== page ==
The conservative Manhattan Institute did what Third Way chose not to. It looked at the data behind the Republican claim that Democrat-​run cities are rife with crime. Researchers found that, “The homicide rate in the blue cities was 15.8 per 100,000, compared to 9.4 per 100,000 in the red cities and 10.9 per 100,000 in the two cities with Independent mayors.” Moreover, they found, “Counties with a higher share of GOP voters not only have lower homicide rates but also a lower growth in homicide rates between 2019 and 2020.”

No one argued that crime didn’t or doesn’t happen in red America, be it states, counties, cities or towns. But the very crime argument hinges on a simple fact: Many of the crimes the country experienced can be directly tied to specific policies, reforms and initiatives from the radical Left. That makes them almost entirely avoidable crimes.

Though for some Democrats married to their ideology, no matter the data you provide, they will never budge from their belief that their reforms are working. And if you’re New Orleans Mayor LaToya Cantrell, you simply reject reality.

By September 2022, New Orleans earned the title of U.S. murder capital. By then, the city experienced 52 homicides per 100,000 residents, far higher than St. Louis (45 per 100,000), Chicago (18 per 100,000), and New York (3.5 per 100,000). It didn’t help that the police department had under 1,000 officers in a city that, just a few years earlier, had over 1,300. It was no coincidence the city was making steady progress at the time, hitting a historic low number of homicides in 2019, until radical Left reforms were adopted and police fled the department. But Cantrell rejected these new stats and new reality, making the case at a press conference that the homicides weren’t happening. Her answer was as meandering as it was, frankly, deranged. 

“I don’t embrace that at all,” she told local media. “I don’t embrace it because, one, that is ... the data even used for that is more of a governmental term for that. It’s not based on what is actually happening on the ground, in our community, and even as you look at comparisons to other cities throughout this country.”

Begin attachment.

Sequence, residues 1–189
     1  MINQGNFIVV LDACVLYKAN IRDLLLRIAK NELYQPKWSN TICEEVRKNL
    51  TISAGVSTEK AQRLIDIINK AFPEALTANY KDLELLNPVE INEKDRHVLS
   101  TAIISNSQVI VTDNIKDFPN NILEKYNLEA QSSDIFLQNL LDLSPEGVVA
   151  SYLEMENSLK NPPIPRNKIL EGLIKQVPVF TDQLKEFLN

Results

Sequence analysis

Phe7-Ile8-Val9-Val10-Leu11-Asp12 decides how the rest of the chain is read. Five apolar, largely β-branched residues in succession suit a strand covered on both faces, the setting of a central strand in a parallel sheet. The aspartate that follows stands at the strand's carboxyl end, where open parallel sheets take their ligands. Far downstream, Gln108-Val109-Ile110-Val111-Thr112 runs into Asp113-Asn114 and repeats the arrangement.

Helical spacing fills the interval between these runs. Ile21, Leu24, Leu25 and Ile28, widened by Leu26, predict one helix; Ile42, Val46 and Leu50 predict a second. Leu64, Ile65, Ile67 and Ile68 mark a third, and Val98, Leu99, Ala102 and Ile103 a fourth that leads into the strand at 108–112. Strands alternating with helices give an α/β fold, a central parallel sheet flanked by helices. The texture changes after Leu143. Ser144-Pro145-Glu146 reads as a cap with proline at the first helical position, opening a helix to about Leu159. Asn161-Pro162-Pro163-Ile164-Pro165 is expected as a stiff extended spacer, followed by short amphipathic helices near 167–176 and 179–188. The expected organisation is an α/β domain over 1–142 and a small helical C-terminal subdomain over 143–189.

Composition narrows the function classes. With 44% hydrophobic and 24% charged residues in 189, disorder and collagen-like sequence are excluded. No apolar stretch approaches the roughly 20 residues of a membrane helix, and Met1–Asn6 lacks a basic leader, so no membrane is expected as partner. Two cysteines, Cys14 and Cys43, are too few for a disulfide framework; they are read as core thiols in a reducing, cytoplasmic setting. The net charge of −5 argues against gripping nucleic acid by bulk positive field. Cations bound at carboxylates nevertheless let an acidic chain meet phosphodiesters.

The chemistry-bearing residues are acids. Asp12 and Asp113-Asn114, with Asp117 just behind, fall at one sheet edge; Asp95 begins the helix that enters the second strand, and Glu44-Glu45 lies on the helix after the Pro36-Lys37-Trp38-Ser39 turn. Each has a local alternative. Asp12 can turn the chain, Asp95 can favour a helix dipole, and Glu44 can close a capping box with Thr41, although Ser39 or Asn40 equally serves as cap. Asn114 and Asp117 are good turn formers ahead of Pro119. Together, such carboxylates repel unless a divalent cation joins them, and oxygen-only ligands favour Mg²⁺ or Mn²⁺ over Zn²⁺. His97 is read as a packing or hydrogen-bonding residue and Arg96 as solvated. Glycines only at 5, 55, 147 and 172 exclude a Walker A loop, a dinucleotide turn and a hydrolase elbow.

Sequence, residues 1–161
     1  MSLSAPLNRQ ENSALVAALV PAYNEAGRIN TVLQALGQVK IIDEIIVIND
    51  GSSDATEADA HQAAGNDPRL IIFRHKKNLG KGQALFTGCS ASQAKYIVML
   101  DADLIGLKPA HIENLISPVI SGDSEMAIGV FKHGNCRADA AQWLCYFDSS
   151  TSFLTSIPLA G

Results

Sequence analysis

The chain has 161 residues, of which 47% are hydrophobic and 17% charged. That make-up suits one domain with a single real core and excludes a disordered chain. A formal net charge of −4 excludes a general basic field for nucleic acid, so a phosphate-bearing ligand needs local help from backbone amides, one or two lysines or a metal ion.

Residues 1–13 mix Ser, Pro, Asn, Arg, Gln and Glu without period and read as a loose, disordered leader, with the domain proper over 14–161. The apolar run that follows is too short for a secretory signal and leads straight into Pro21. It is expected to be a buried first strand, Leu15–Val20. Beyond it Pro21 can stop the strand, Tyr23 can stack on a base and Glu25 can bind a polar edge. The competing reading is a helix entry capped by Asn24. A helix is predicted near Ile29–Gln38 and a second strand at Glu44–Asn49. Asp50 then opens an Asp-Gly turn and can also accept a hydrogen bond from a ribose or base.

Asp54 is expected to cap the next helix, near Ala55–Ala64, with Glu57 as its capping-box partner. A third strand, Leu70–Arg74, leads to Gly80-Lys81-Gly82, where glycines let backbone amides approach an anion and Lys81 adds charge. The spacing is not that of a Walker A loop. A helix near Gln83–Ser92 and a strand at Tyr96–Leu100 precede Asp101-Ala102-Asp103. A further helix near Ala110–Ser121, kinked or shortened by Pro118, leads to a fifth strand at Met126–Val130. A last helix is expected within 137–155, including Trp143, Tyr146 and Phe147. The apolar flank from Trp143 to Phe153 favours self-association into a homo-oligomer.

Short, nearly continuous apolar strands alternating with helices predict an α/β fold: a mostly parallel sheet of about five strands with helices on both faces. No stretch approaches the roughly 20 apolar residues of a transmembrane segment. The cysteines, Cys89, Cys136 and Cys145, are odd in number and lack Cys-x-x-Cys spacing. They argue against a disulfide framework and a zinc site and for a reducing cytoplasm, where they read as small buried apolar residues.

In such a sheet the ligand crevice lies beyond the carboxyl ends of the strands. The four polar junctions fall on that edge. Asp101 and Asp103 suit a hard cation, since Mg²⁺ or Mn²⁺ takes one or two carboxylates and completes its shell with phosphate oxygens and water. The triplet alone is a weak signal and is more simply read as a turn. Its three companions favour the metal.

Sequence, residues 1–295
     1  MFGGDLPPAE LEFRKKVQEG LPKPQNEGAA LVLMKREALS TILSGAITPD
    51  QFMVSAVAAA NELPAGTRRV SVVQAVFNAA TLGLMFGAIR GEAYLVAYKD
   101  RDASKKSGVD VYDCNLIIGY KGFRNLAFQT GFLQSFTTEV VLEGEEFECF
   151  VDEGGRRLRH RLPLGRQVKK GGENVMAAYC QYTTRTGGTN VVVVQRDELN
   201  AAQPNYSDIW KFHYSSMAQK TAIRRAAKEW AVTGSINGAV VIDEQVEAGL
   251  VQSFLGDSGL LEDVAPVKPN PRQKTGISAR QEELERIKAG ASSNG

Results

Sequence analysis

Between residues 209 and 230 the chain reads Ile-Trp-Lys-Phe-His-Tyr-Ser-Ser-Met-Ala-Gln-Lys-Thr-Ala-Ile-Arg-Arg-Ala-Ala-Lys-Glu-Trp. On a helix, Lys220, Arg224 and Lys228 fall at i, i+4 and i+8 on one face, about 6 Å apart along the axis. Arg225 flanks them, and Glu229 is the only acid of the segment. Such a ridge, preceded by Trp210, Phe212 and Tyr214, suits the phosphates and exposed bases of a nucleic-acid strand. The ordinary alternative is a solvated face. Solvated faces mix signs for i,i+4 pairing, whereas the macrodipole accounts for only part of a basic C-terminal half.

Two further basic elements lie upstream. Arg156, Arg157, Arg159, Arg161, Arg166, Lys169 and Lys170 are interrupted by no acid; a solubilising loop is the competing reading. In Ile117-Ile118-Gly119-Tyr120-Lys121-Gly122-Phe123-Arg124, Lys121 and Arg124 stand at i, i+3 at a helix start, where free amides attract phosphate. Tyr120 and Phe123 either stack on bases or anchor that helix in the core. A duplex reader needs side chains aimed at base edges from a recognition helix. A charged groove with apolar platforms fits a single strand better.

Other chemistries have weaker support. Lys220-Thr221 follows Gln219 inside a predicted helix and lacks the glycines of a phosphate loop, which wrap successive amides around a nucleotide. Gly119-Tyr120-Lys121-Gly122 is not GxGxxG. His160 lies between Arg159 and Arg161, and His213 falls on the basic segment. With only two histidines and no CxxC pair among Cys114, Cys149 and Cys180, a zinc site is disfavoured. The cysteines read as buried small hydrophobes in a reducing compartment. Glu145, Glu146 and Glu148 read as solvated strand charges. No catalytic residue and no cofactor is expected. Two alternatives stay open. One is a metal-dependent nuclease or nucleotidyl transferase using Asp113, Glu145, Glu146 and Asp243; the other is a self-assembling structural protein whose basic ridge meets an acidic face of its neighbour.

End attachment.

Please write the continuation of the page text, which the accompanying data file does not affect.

She then complained about media coverage for unfairly comparing New Orleans to cities like Chicago because they had more murders over Memorial Day weekend 2022. Chicago had nine homicides, only two more than New Orleans. And 2022 started off worse than anyone imagined. In just the first 10 days of the year, the city averaged over one murder a day. But Cantrell doesn’t “embrace” those numbers, so I guess no one was dying. 

Meanwhile, left-​wing media outlets like CNN took the same approach. Before his humiliating termination, CNN’s Brian Stelter called Fox News coverage of the crime crisis an “imagined drama.” His sycophantic colleague, media analyst Oliver Darcy, called the coverage “distorted.” They said this even as the national murder rate surged 30% between 2019 and 2020, which came after steady and significant declines since the early 1990s.

In fact, 12 large American cities set record-​high homicide rates, and all of them were run by Democrats. Philadelphia experienced 561 homicides in 2021, the city’s highest number ever recorded. Rochester, New York, broke its 30‑year-​old homicide record with a rate higher than New York City at 38.4 homicides per 100,000 people. Fueled by gang and drug violence, Portland, Oregon, exceeded its previous record 66 homicides in 1987 with 90 in 2021 (and 101 in 2022). Rounding up the list are Toledo, Ohio; Columbus, Ohio; Baton Rouge, Louisiana; Austin, Texas; Louisville, Kentucky; St. Paul, Minnesota; Tucson, Arizona; and Albuquerque, New Mexico.

Costly consequences

What is so tragic about the current crime crisis is that it’s the result of policy choices. These homicides, rapes, assaults, robberies did not have to happen. And if not for the criminal justice reforms pushed through by the radical Left, most of them would not likely have occurred. 

While Democrats may think it’s smart politics to shift the blame to Republicans by reframing the argument and leaving out the Democrats’ role in our problems, it’s going to have even more costly consequences if people believe it. 

America’s greatest cities are being destroyed by the radical left and their actions are spreading far outside city limits. It’s not just about crime, but homelessness, drug use, burdensome taxes, ideologically driven school curriculum, and policies trying to dictate how we go about our everyday lives. 

I wrote “What’s Killing America” so that we can learn what the radical left is up to, why they believe what they believe, and how we can take our cities back. And if we don’t act fast, we’ll go from exploring what’s killing America to what killed America. 

Jason Rantz is a Seattle-based talk radio host with KTTH Radio and a frequent Fox News analyst. Parts of this essay are adapted from his book “What’s Killing America: Inside the Radical Left’s Tragic Destruction of Our Cities,” released this week by Center Street.